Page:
USING HIGH VOLUME LOW SPEED FANS IS YOUR FACILITY’S SECRET WEAPON AGAINST HIGH ENERGY BILLS AND WORKER DISCOMFORT. FIND OUT HOW BIG ASS FANS HIGH VOLUME LOW SPEED FANS CAN BENEFIT YOU.
THE PROBLEM OF STRATIFICATION
It’s universal–we all want to escape winter’s chill. Unfortunately, attempts to fend off workplace cold often result in astronomical heating bills and spaces that are still frigid at floor level. What many may not realize is that without airflow to mix up that heat, it’s essentially just money wasted to make the ceiling nice and toasty.
These energy bill blues and worker woes are due to a phenomenon called stratification. No, we’re not talking about wailing on your favorite six-string. Simply put, stratification means that the air in our spaces settles into layers based on temperature. In fact, cold air is denser, so it sinks down to the floor (boo!). While warmer, lighter air from the heaters rises to the ceiling (come back!) and is eventually lost through the roof. The higher the ceiling, the worse the problem gets.
THE SCIENCE OF SAVINGS
These negative impacts aren’t just a bunch of hot air; the U.S. DoE’s Commercial Buildings Energy Consumption Survey states that heating accounts for roughly 46% of energy use in warehouses and 36% of energy use in all non-residential buildings. So, any solution that reduces a facility manager’s energy costs and consumption without sacrificing employee comfort can feel like the search for El Dorado.
Raising thermostat levels to compensate for cold floors only exacerbates the energy problem. Thermostats are most often placed at occupant level. While heaters are often placed (sadistically) high overhead. This cause HVAC systems to overheat the ceiling to anywhere from 85-125°F (29-52°C) just to raise the temperature at thermostat level to 65-75°F (18-24°C).
No one needs a roof you can fry an egg on. What’s needed is an efficient, cost-effective solution that gets heat where it’s needed and keeps it there. And a solution offered by installing Big Ass overhead fans. This is where high volume low speed fans will benefit you.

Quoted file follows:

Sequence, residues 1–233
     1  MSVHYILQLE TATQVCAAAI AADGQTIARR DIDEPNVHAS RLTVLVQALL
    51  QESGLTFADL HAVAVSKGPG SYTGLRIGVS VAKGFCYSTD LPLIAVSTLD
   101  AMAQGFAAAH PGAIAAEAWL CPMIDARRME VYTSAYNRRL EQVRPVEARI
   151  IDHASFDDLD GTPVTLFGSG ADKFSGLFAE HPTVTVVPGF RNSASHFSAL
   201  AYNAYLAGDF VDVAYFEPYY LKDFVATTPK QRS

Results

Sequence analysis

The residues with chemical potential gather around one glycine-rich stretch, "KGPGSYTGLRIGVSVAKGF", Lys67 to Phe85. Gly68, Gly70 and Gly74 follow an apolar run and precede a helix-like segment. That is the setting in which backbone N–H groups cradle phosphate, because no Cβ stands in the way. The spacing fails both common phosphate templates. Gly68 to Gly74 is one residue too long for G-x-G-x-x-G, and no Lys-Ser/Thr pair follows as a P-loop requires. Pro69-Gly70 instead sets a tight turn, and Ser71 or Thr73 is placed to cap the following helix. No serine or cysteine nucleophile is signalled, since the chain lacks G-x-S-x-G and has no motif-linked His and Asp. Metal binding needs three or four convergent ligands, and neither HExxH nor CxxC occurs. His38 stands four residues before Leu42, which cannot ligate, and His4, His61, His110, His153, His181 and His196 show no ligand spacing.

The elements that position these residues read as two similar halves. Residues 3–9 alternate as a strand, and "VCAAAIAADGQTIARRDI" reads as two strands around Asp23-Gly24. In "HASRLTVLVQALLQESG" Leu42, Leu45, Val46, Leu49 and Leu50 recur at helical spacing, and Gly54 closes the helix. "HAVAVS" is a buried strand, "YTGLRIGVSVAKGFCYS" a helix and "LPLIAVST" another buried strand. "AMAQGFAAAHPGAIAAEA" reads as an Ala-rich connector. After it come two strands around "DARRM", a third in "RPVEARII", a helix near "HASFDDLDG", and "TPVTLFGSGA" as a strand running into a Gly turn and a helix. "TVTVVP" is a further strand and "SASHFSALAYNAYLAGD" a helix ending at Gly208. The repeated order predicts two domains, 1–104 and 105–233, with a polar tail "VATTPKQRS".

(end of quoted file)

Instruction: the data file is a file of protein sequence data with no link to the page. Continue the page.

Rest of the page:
WAIT, HIGH VOLUME CEILING FANS IN WINTER?
You read it right. By using a Big Ass ceiling fan in winter, you can create the air movement needed to mix heated air at the ceiling with that pesky cold air at the floor. Big Ass Fans effectively destratifying these layers and erasing the temperature difference. Also with uniform temperatures throughout the space, heaters don’t need to run as frequently to maintain thermostat set points. This will result in energy savings up to 30%. That’s sure to put a warm wind in your sails!
Furthermore, heat destratification can also reduce the time it takes to warm occupant levels to desired temperatures to just 15-20 minutes. Even when thermostats are turned down 10-15°F (5.5-8.3°C) overnight. This sustainable solution can lead to a 15% reduction in usage for HVAC systems, which are a colossal expense to repair and replace.
Thanks to their variable speed settings, Big Ass Fans can be run at low speeds to push the hot air at the ceiling downward, providing workers with warmer, more comfortable air without creating a perceptible draft. Because our overhead fans generate their power from their size rather than their speed, they’re able to thoroughly mix the entire volume of air in a space. On the other hand, this is something that standard ceiling fans are inefficient to do, even when run in reverse. In addition, reversing your overhead Big Ass Fan in winter kills its efficiency by pushing up against the airfoils’ design rather than pulling warm air down. This increases both energy usage and the rate of heat loss. (File this under “Never Do.”)
But using ceiling fans in winter? Bet your Big Ass on it.
SOME OF BIG ASS FANS WORKS
Every Big Ass overhead fan is engineered to destratify a wide variety of spaces. Furthermore, with a patented airfoil system, broad coverage area, and variable speed control, each Big Ass Fan is designed to save money everywhere. From farms to fabricators to fitness centers (and other places that don’t start with F!).